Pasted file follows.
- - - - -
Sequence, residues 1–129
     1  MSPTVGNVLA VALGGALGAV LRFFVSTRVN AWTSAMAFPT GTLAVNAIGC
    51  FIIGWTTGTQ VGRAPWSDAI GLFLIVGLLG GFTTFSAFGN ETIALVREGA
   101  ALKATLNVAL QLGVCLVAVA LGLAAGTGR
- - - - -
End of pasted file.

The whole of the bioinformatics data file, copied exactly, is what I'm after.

Sequence, residues 1–129
     1  MSPTVGNVLA VALGGALGAV LRFFVSTRVN AWTSAMAFPT GTLAVNAIGC
    51  FIIGWTTGTQ VGRAPWSDAI GLFLIVGLLG GFTTFSAFGN ETIALVREGA
   101  ALKATLNVAL QLGVCLVAVA LGLAAGTGR